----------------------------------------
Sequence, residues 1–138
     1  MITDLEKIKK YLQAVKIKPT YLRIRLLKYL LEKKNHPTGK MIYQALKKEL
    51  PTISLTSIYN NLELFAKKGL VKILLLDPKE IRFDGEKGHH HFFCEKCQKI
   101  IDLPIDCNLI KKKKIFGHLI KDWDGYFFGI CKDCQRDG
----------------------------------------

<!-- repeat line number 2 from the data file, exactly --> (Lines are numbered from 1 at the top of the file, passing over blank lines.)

     1  MITDLEKIKK YLQAVKIKPT YLRIRLLKYL LEKKNHPTGK MIYQALKKEL